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Gua Sha, Cupping's Ancient Cousin

Cupping has a lesser known but just as ancient cousin in Gua sha. If you do a quick internet search on Gua sha you may see the words shocking, grotesque or pseudoscience combined with angry looking images of red lines on peoples backs. Or you may find numerous claims to its benefits for facial rejuvenation showing images of baby skinned women who never seem to age. It’s either amazing or painful and no one really discusses how it works on the body. There is so much more to this ancient technique than it’s given credit for. It is highly underestimated and extremely effective in clinic treatments therefore over the years it has become one of my favorite modalities to use.

Gua sha is also known as coining, scraping or spooning. It involves using a solid tool with a smooth round edge on an oiled portion of the body to perform unidirectional pressing along the tissues. Prior to the treatment an assessment is done and then areas of the body related to the chief concern are palpated. During the palpation areas of tightness, trigger points or blanching are noted. Blanching refers to how quickly blood and energy return to an area after it is pressed with the fingers. In TCM when there is an area of increased blanching (increased time for blood to flow back to an area after palpation) there is an area of stagnation or decreased energy flow. These areas of stagnation are where pain occurs relating to the traditional Chinese saying of “Bu tong ze: tong; tong ze: bu tong.” Now try saying that 10 times fast!! The translation of this saying means “no free flow: pain; free flow: no pain.” So, if there is free flow of blood/energy (qi) in the body then there is no pain. The objective then is to use techniques like Gua sha to allow the blood/energy of the body to return to its normal state of flow.

When discussing Gua sha in terms of eastern concepts it is said to release the exterior, remove heat, tonify blood and dispel stagnation. The reddish marks that are raised during a treatment are termed sha, and the color of the sha along with how and where they appear on the body are telling as to what is happening internally. Now if we flip that and look at it from a western viewpoint, we say that the marks are petechiae. Petechiae are formed when there is movement of blood outside of its normal vessel. In some cases, this occurs from tissue damage like bruising but that is not the case with Gua sha, no tissue damage occurs. Using Gua sha to move blood in the body in an area of pain causes an increase in local blood flow, helps prevent inflammation in your circulatory system, stimulates the immune system and reduces pain. It works locally and also affects a greater area of the body through the fascial system.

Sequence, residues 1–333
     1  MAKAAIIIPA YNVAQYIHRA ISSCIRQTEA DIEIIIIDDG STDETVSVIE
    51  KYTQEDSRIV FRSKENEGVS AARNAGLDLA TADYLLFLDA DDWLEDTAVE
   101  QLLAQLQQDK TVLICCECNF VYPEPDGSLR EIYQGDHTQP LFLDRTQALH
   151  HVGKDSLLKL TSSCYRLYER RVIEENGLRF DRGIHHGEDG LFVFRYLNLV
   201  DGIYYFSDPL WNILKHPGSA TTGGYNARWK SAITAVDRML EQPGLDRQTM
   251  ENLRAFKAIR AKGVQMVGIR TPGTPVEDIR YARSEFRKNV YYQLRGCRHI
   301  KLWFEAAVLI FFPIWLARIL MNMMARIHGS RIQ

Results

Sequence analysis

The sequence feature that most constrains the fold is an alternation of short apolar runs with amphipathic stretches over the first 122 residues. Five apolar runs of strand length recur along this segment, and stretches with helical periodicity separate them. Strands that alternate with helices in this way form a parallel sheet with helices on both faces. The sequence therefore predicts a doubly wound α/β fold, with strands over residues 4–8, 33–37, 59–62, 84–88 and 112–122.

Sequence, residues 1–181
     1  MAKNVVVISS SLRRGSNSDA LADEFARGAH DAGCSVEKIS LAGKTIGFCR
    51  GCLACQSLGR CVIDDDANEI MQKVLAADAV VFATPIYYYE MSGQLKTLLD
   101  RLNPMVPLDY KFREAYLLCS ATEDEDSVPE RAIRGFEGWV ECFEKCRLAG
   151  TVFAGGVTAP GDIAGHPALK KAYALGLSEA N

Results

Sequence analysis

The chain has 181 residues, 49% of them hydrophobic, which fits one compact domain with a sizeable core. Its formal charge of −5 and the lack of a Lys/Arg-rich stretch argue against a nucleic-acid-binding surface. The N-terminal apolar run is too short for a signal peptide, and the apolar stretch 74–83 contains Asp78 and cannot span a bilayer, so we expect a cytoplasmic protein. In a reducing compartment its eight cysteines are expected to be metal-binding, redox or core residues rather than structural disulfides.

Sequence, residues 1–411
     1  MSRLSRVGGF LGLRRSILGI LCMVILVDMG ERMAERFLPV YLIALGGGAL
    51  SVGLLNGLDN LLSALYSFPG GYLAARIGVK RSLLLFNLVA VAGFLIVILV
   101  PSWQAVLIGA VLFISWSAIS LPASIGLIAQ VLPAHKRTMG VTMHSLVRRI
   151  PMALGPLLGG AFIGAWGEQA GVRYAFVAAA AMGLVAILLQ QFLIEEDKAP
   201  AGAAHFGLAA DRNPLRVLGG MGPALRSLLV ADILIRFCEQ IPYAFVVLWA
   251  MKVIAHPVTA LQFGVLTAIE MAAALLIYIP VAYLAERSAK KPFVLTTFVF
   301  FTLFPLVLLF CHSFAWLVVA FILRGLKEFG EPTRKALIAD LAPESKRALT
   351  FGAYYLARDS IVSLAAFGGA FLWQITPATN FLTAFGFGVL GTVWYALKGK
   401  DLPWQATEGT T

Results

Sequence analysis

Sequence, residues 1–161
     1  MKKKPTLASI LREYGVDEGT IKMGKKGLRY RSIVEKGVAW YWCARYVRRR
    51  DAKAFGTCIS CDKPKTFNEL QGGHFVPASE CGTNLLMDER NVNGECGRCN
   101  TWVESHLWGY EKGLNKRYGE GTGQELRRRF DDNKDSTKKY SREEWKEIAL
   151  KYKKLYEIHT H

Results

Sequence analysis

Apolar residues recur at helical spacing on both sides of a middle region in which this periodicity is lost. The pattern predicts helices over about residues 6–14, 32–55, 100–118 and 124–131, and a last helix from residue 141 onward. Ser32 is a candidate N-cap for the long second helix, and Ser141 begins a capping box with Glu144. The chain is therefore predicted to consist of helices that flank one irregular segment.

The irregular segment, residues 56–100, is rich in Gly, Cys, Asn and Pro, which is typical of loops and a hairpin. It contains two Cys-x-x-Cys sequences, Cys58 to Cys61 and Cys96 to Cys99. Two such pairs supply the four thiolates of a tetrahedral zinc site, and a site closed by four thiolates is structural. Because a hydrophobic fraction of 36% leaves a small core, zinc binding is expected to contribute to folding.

The reasons Gua sha can be used are varied. Each client is assessed to determine if they would benefit from it. In my personal practice I have used Gua sha for headaches, migraines, concussions, neck pain, whip lash, shoulder injuries, scar tissue from surgery, back pain, menstrual cramps, allergies, colds, flu, coughs, tennis elbow, golfers elbow, carpal tunnel, digestive issues such as bloating and cramps, knee pain, plantar fasciitis, shin splints and IT band syndrome. And I feel like I am only scraping the surface of what it can be used for! So, if your interest has been peaked and you are curious to try this ancient modality yourself let me know. I would love to help you add this into your selfcare routine.

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